Real-world abstraction

Real-world deconstruction is the process of separating the visual components that are perceived by an individual whilst they are focused on part of their environment. The separation involves defining the smallest visual graphemes. Graphemes are normally associated with language and are considered the smallest unit within a given language. In the context of industrial design, a visual grapheme is the smallest visual element that may carry meaning for a defined viewer.

Visual graphemes provide the coding (visual building blocks) from which a designer can construct meaning within their product or service. The coding is delivered via the mechanism of visual perception. Branding is one of the main areas where designers apply cultural coding to images, objects and associated services.

Artists have used this process for many centuries to help codify and interpret the world, leading to abstraction. Abstraction from the real world has been most notably used by Piet Mondiran and Theo van Doesburg as part of their theories of ‘plastic art’ and ‘Neo-plasticism’. Mondrian and van Doesburg were looking to find ‘absolute oppositions’ or ‘signifiers’ through horizontal and vertical planes, leading to van Doesburg’s ‘Elementarism’. However, Jacques Derrida suggests that there are no universal references or ‘signifiers’, but that everything is referenced to everything else.

There are more recent artists who have followed abstraction through to abstract expressionism. These artists include William de Kooning, Franz Kline, Mark Rothko, Jackson Pollock. Many of these abstract expressionist artists imply movement through their work.

For the purpose of commercial industrial design, the process of abstraction or visual deconstruction involves identifying the smallest visual grapheme that delivers meaning or coding to the target viewer, within their social and cultural context or environment.


  1. Define your market or target viewer who will experience your visual stimulus.
  2. Define keyword, series of keywords or a short description of what message or coding is to be delivered to the target viewer via the object or image to be designed.
  3. Use your past experience of the keyword; target user and their social context to collect images that appear to have a visual coding embed within it that matches the keyword.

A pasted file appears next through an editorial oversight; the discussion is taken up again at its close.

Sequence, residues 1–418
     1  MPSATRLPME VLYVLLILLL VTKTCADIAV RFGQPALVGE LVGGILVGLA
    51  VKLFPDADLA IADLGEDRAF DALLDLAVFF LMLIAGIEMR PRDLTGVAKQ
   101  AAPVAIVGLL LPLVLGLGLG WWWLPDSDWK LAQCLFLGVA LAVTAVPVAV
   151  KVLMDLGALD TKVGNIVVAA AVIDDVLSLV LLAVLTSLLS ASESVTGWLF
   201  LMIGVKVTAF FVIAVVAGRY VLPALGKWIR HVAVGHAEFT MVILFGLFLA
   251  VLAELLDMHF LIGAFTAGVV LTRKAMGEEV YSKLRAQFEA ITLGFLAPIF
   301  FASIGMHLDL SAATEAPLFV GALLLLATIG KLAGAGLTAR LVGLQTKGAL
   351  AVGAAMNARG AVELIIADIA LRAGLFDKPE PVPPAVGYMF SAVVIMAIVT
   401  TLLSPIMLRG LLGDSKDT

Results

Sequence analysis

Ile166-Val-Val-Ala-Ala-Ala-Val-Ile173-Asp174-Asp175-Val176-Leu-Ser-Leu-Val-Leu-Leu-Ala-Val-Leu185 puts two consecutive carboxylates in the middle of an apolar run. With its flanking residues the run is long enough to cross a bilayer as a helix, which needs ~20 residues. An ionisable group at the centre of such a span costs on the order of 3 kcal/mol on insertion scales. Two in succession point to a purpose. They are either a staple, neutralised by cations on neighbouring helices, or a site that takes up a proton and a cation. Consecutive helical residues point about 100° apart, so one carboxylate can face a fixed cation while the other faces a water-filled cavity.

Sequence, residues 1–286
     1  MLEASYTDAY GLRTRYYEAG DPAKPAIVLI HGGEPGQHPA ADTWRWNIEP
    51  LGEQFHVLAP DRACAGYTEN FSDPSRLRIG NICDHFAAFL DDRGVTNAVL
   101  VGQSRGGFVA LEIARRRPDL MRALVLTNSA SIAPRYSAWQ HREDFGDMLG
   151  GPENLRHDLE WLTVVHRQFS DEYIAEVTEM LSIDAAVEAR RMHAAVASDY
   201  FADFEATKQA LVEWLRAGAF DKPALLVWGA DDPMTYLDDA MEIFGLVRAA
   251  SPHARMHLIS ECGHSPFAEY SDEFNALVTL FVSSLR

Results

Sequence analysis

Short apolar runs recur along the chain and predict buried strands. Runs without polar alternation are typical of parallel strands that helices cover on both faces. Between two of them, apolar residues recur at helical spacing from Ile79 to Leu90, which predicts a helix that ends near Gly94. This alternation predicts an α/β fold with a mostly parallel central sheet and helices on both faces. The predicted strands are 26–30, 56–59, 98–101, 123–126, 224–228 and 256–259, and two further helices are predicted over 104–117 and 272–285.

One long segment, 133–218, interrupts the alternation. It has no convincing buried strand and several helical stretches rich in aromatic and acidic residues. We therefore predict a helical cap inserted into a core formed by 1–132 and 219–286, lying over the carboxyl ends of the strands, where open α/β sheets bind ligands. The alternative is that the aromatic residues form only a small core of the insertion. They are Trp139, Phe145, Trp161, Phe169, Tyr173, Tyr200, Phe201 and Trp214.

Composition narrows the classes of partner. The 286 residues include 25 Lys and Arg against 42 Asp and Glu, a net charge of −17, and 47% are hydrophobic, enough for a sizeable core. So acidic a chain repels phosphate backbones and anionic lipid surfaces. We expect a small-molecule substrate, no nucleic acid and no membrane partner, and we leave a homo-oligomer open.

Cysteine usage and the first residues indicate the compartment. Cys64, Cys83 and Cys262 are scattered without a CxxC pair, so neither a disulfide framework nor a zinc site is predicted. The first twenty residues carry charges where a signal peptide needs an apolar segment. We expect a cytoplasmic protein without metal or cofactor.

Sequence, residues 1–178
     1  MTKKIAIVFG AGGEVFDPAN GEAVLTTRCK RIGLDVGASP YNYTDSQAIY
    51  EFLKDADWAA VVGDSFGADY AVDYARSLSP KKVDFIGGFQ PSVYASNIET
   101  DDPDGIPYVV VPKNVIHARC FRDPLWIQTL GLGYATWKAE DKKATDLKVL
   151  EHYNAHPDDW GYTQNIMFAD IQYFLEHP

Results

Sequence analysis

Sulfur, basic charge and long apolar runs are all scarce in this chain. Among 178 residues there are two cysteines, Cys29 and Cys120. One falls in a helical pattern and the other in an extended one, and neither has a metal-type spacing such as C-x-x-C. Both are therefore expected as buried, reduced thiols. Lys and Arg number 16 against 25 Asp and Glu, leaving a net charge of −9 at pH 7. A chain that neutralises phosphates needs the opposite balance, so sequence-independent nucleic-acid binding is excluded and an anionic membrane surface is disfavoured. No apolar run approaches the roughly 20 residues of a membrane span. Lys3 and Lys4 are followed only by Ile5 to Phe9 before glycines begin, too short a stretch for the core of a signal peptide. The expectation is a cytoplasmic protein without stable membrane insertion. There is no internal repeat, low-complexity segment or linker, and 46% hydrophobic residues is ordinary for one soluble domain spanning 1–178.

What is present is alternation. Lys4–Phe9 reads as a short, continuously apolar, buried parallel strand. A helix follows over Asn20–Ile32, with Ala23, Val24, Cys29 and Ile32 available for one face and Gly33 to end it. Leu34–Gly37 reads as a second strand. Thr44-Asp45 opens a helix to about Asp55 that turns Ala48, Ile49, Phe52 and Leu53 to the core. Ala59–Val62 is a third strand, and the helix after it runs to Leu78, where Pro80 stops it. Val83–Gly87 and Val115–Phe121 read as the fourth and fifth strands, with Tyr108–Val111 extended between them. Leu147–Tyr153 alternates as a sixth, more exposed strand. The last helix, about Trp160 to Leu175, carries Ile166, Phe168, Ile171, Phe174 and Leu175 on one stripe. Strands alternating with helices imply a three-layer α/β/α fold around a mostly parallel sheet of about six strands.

4. Define visual graphemes (lines, shapes, colour, and texture) within the visuals or objects that deliver the required coding for the defined keyword or short description. Many visual graphemes will be identified through the mechanism of foreground-background visual perception. Use highlighting to define visual graphemes within your reference material. This may be through a different colour or heavier line weight on an illustration /photograph; or, sketch of a section of a three-dimensional object.
  5. From the defined visual graphemes filter out those that are ambiguous in meaning or already communicate
  6. Separate and collect the highlighted visual graphemes onto a single sheet. Tracing film or a more transparent sheet can be helpful when tracing through lines and shapes.
  7. Use these lines and shapes in different orientations and scale within the constraints of your defined product or service’s physical requirements. For example, constraining requirements may include: ergonomic optimum size and proportion of a chair, mechanical mechanisms, internal component size, magazine, television screen or advertising board.
  8. Combine the different visual graphemes to deliver meaning or a message to the target viewer.
  9. Review effectiveness of the communication through: Ranking, paired comparison, interview, observation, eye tracking, questionnaire, applying a mixed-methods approach where financially, resource or time viable. 
  10. Further communication of the logic of design decision-making and audit trail may be achieved using presentation boards. These provide a summary of your research and design and link your final solution to source material.

Useful links

Contemporisticon, Online resrouce, Available at: (, Accessed:[10/10/2015]

MoMALearning, Online resrouce, Available at: (, Accessed: [10/10/2015]

Torrens, G., Badni, K., Hurn, K., Storer, I.J., 2015. An introduction to the development of a product Brand: an evidence-based template for use with first year undergraduate industrial designers. Engineering Design Graphics Journal, 79(2), pp. 24 -45.Available at: (, Accessed: [21/01/2021]

Wilson, J. R., and E. N. Corlett. 1995. Evaluation of human work: A practical ergonomics methodology. 2nd ed. London: Taylor & Francis.